Published March 30, 2020
Congratulations to Assistant Professor Nadine (Shaanta) Murshid and her colleague on publishing their article, "Techno-market fix?' Decoding wealth through mobile money in the global South," in Geoforum.
Boamah, E. F., & Murshid, N. S. (2019). “Techno-market fix”? Decoding wealth through mobile money in the global South, in Geoforum.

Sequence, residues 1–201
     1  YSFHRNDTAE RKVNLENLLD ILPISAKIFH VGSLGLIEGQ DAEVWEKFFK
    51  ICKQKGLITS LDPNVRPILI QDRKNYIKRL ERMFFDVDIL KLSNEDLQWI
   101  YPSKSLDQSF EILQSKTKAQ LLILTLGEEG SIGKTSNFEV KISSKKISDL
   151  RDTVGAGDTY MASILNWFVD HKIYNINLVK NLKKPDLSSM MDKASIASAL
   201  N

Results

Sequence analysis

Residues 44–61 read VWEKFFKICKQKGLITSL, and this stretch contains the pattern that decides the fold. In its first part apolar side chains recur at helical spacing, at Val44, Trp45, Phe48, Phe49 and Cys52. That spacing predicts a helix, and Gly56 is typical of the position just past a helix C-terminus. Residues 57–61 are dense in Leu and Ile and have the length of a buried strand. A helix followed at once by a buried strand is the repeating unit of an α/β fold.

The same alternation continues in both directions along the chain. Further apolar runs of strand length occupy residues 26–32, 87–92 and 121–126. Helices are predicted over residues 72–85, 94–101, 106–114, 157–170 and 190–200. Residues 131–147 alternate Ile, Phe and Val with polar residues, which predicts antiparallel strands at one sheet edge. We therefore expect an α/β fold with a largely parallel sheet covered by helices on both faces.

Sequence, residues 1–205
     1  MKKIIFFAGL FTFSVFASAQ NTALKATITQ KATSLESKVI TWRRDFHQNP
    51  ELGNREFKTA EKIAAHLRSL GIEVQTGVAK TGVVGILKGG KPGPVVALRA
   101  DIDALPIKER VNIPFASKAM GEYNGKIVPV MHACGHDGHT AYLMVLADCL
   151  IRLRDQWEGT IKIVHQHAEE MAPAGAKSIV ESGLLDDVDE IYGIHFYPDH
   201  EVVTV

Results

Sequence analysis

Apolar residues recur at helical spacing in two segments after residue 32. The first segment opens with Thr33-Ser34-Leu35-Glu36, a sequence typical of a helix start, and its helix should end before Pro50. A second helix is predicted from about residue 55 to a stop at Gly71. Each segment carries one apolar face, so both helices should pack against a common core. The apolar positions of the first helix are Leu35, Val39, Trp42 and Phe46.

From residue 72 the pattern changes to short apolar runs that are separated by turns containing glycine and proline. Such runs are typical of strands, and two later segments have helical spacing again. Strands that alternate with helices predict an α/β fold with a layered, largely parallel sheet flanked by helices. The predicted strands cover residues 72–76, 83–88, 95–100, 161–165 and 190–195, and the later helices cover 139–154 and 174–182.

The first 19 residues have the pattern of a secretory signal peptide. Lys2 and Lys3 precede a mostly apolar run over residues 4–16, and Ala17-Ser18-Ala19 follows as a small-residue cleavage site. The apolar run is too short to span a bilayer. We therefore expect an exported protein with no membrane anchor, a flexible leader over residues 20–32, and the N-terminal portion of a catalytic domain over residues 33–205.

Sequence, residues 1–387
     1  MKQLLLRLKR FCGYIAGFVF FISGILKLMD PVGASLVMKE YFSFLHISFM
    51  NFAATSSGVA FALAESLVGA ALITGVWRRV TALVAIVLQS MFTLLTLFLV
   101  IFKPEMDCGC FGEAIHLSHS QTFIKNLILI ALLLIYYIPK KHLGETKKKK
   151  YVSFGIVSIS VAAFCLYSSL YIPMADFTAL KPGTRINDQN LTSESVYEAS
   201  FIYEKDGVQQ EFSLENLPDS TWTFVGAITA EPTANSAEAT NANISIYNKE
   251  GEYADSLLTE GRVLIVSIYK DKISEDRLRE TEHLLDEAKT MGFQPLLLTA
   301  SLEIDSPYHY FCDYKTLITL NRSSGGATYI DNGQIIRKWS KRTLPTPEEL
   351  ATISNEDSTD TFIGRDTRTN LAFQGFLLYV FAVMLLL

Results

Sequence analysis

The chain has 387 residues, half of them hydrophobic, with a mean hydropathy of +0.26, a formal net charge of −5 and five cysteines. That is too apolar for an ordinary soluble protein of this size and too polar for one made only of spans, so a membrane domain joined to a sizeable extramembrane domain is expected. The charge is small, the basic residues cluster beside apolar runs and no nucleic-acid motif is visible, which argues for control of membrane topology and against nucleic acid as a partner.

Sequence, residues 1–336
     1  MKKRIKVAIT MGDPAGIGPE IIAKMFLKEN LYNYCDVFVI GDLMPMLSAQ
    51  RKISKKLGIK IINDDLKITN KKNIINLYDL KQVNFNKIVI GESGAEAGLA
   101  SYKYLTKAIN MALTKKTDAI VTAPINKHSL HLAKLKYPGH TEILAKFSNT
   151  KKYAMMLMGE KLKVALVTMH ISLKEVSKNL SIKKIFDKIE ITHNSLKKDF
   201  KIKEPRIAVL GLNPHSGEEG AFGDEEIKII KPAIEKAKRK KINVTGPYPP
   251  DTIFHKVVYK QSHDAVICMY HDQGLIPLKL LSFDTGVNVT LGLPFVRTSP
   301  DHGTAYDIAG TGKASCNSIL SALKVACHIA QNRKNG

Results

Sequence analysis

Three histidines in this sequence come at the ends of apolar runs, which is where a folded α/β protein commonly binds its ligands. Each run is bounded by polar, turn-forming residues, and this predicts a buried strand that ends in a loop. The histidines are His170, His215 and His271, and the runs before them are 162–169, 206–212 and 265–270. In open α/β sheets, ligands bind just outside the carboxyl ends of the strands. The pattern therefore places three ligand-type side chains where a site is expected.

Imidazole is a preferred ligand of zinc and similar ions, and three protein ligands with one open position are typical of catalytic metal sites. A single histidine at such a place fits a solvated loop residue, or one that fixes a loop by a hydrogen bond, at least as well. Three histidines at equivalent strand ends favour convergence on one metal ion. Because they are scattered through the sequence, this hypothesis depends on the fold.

The use of mobile phones for financial services in the global South has gained prominence in the last decade. These financial technology (FinTech) services, popularly known as mobile money (MM), offer an avenue for financial inclusivity, a recurring theme in the United Nations Sustainable Development Goals. This paper, largely conceptual but interlaced with empirical examples from Ghana and Bangladesh, critically examines the rise of mobile money in the global South. Specifically, it employs David Harvey’s adaptation and redeployment of the laws of accumulation to relate the economic phenomenon of MM to the capitalistic relationship between capital and labor. We argue, among other points, that MM emerges as a techno-market fix to make visible, bankable, and taxable the hitherto invisible, unbanked, and untaxed urban sub-proletariat who are mostly engaged in the informal sector. Thus, whether in sub-Saharan Africa or South Asia, the underlying laws of accumulation through MM are the same: make informality visible in order to decode wealth, and accumulate for the sake of accumulation. We conclude by briefly reflecting on how our arguments contribute to the literature on economic, digital, and development geographies of postcolonial economies in the global South.